Reference: Nielsen N et al. Targeted Temperature Management at 33°C versus 36°C after Cardiac Arrest. NEJM 2013

  • Population: 939 patients from 36 intensive care units (ICUs) in Europe and Australia with OHCA with more than 20 consecutive minutes of spontaneous circulation after resuscitation.
  • Intervention: Cooling to 36 degrees celsius for 36 hours, <37.5 for 72 hs post-arrest
  • Control: Active cooling to 33 degrees celsius
  • Outcome:
    • Primary: Mortality at the end of the trial.
    • Secondary: Mortality, Cerebral Performance Category (CPC) 3-5 or Modified Ranking (mRS) 4-6 at 180 days

Screen Shot 2014-07-06 at 9.27.23 PM

Authors’ Conclusions: In conclusion, our trial does not provide evidence that targeting a body temperature of 33°C confers any benefit for unconscious patients admitted to the hospital after out-of-hospital cardiac arrest, as compared with targeting a body temperature of 36°C.

checklist-cartoonQuality Check List:

  1. The study population included or focused on those in the ED. Unsure
    • Comment: These were all out of hospital cardiac arrests. The emergency department was not mentioned. Some countries such as Sweden patients bypass the emergency department and are admitted directly to the hospital. However, it is reasonable to believe that many patients were admitted through the emergency department.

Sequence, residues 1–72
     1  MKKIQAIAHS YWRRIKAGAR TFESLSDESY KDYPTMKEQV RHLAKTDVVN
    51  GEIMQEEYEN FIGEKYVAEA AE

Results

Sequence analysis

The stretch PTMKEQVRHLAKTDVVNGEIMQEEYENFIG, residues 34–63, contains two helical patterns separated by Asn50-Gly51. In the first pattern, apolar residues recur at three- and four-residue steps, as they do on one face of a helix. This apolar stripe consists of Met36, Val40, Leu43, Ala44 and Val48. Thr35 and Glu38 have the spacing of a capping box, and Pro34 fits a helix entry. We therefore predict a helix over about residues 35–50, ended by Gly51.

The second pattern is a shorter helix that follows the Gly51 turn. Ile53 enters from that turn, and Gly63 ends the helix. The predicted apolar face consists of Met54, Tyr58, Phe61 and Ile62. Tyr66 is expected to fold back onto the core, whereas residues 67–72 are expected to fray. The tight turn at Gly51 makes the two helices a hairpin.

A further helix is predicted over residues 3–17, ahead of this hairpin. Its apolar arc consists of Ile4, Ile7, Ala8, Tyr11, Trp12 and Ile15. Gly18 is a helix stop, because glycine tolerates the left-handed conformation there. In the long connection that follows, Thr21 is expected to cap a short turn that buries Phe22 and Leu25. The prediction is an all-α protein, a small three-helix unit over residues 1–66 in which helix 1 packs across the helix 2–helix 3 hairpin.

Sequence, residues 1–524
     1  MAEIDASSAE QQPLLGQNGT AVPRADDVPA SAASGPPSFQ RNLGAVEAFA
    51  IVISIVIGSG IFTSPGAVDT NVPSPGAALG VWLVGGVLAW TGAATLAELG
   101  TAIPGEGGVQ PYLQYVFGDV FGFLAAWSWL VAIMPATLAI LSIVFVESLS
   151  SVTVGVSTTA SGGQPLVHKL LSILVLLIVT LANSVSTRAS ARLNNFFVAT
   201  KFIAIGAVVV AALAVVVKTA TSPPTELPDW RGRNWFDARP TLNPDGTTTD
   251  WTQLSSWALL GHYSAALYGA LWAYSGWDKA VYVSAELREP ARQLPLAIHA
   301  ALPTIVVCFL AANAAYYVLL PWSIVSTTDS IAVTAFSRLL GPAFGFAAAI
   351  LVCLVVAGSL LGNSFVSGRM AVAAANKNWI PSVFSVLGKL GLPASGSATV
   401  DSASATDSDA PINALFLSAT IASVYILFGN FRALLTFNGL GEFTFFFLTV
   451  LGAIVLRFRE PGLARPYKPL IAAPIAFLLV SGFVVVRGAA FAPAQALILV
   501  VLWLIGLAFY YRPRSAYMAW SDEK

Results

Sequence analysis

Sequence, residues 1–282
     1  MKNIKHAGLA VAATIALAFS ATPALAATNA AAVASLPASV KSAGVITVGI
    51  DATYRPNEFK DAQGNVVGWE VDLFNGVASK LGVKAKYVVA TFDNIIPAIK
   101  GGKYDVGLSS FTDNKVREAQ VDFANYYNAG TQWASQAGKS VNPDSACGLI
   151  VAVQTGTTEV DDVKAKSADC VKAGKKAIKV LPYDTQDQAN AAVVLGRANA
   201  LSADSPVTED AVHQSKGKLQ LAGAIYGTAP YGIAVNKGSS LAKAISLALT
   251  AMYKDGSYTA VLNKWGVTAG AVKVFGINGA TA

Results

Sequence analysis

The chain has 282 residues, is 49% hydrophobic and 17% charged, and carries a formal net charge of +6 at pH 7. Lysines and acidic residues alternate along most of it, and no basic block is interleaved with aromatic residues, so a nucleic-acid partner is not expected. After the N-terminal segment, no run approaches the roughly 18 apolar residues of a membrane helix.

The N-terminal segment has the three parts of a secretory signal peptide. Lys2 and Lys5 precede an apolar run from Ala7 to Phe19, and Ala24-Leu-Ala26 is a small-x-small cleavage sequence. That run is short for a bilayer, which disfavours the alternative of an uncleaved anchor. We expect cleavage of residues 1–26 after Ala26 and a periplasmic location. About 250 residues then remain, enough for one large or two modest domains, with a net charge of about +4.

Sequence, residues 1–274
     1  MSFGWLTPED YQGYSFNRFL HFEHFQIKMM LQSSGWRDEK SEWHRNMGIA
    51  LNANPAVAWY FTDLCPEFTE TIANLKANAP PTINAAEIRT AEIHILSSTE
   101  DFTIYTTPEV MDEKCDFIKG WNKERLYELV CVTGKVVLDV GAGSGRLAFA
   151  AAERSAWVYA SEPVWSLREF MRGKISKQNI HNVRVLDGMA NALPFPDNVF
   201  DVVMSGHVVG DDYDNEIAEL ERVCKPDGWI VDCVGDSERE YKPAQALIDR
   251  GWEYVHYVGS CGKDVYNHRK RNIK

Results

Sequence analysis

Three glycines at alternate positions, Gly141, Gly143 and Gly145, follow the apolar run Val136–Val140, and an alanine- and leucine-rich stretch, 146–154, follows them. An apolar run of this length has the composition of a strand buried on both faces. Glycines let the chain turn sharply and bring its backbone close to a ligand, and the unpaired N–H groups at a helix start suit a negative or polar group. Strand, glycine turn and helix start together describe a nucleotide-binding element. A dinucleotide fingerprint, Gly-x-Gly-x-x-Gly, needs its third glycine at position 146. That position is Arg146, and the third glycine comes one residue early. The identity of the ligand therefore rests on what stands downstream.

2. The patients were adequately randomized.  Yes
  3. The randomization process was concealed.  Yes
  4. The patients were analyzed in the groups to which they were randomized.  Yes
  5. The study patients were recruited consecutively (i.e. no selection bias). Yes
  6. The patients in both groups were similar with respect to prognostic factors. Yes
  7. All participants (patients, clinicians, outcome assessors) were unaware of group allocation. 
    • Health care professionals caring for the trial patients were aware of the intervention assignments because of inherent problems with blinding of body temperature. Physicians performing neurologic prognostication, assessors of neurologic follow-up and final outcome, study administrators, statisticians, and the authors were unaware of the intervention assignments and so were the patients and their families. Manuscript written before randomization code was broken.